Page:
Judge Steve Evans tried to give you consolation when your old man let you down.
Here's another beautifully recorded disc from the music lovers at Eagle Rock Entertainment.
Captured live during the 1997 Montreux Jazz Festival, the 15 tunes on this DVD cover some unusual territory for the titular legendary guest musicians. The principal selling point is rock legend Eric Clapton, though jazz cognoscenti will be equally intrigued by a dream band consisting of drummer Steve Gadd, bassist Marcus Miller, and especially jazz virtuosos Joe Sample on piano, and David Sanborn wailing on sax. Miller had established a street rep in '86 as producer of the ungodly wonderful Miles Davis album Tutu. Some 11 years later, he recruited Sample and Sandborn to come together as a short-lived band that would gig major European music festivals in 1997, according to the detailed liner notes that accompany this DVD. The lesser-known Gadd was a highly respected session man, having thumped skins for such varied musicians as Steely Dan, Paul Simon, and Chick Corea.
Meanwhile, Clapton had some free time in '97 and evidently felt like flying below the radar that monitors all musical superstars. He agreed to hook up with Miller's quartet and they all decided that improvisational music would be their focus. The result was a once-in-a-lifetime opportunity for five disparate musicians at the top of their games to jam together for the sheer thrill of making music, with no obligations, no record contracts to fulfill, and no dominant personalities to antagonize or splinter the band. Rhythm & blues and full-bore funk dominate the set, while Clapton disappears during the jazz numbers as Sandborn and Sample really shine. When Clapton's offstage having a smoke, the band lays into such classic jazz standards as Duke Ellington's "In a Sentimental Mood," and Jelly Roll Morton's "Shreveport Stomp."
Eagle Rock has yet to subject me to a bad DVD, and this fine disc from their Montreux Jazz collection is no exception. They don't throw any extras on these discs, but the programs are expertly recorded, and the liner notes that accompany every DVD in the Montreux series are written by music critics who know what they're talking about. That's refreshing.
Videography is clean and clear as a diamond, with no discernable edge enhancement. Rich blacks and vibrant colors hold steady across the concert footage, tricked out in Eagle Rock's standard set of audio options: DTS, Dolby 5.1, and PCM Stereo, which I really dig when I wanna tuck one of their discs in my briefcase with the notebook PC and a set of quality headphones for traveling. The tech specs on Eagle Rock DVDs are consistently above average, which frees our time to focus on the content. So let's get down to it:
Judging from the passionate response in this Montreux crowd, Clapton is the man the audience paid to see nine years ago. They got far more than their money's worth, given the wealth of talent onstage with him. And therein we find a certain irony.
Jazz purists could (and many probably would) make the case that a guitarist like George Benson is better suited for this material. Perhaps. Benson and Clapton can both produce stinging solos, though Benson has the edge when it comes to transforming waves of notes into octave strumming in classic jazz-guitar style. Clapton can play the blues and he rocks arguably better than anyone alive. So this concert affords a rare opportunity for Clapton fans to hear a genius guitarist jamming his heart out with a group of superb jazz musicians with whom—beyond this show, at least—he would not otherwise be associated.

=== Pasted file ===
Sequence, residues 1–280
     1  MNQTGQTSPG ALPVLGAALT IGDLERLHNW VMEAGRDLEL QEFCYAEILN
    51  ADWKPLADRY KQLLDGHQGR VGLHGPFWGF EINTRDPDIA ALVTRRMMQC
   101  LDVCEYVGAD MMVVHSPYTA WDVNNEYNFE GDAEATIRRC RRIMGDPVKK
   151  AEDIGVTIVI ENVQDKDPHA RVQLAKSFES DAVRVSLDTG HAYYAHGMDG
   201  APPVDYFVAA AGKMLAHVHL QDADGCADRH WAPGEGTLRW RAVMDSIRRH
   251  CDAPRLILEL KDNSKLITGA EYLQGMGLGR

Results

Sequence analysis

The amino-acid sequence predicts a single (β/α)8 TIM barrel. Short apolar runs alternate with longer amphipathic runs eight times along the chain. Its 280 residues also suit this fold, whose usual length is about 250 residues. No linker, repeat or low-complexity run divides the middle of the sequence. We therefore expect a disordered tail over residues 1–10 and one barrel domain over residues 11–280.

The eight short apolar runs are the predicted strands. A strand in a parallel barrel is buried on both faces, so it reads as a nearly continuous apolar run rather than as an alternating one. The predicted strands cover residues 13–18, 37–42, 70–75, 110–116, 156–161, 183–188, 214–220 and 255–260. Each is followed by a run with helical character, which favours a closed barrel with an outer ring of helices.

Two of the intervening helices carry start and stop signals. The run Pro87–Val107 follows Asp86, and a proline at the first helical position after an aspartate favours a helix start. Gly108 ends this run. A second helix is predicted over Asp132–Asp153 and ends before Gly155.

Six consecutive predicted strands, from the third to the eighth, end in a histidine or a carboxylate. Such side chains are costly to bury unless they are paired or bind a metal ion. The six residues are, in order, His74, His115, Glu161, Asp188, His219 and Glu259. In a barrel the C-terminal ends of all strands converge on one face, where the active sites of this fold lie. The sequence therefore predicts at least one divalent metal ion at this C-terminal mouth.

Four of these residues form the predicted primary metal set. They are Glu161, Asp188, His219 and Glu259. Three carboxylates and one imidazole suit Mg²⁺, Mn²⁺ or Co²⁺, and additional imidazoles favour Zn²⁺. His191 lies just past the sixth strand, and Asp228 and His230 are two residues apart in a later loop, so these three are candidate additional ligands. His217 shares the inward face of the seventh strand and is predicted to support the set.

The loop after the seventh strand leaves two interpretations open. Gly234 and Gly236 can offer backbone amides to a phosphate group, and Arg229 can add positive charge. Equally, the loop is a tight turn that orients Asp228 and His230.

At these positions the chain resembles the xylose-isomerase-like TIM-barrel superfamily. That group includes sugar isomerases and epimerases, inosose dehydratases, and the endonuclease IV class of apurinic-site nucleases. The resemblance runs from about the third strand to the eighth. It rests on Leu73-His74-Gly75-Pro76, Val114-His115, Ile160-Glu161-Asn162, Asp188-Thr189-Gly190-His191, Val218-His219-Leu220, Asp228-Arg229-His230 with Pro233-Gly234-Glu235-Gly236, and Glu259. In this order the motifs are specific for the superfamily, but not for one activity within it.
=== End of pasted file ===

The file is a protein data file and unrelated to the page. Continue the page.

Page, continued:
Why criticize Dylan for going electric in 1965, or blast Miles Davis for experimenting beyond free jazz? Why rip into Paul Simon when he abandoned a talent for penning elliptical, inchoate love songs to pursue a passion for world music? The point, of course, is to free musicians (and ultimately our own minds) from the yoke of our expectations. Often enough, they push the boundaries of form and style in new directions. The fact that Clapton doesn't reinvent jazz guitar on this DVD isn't what matters. He is willing to try something different. And that's worth a listen.
When Clapton comes onstage near the end of this set to deliver an acoustic rendition of "Layla," slowed to 4/4 time, his performance obviously differs from the classic Derek and the Dominos track—an adulterous ode to George Harrison's wife Patti Boyd and an anthem to heartsick lovers the world over. Clapton's acoustic performance on this disc does not erase, negate, or even diminish the power of the original, which exists forever. It's merely another interpretation of familiar material.
Look at it another way: Clapton isn't drawing a mustache on his own Mona Lisa; he's giving her an affectionate pat on the fanny. When it comes to praising Layla's low-aching charms, that ought to be the exclusive privilege of Slowhand himself.
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Scales of Justice
Studio: Eagle Rock Entertainment
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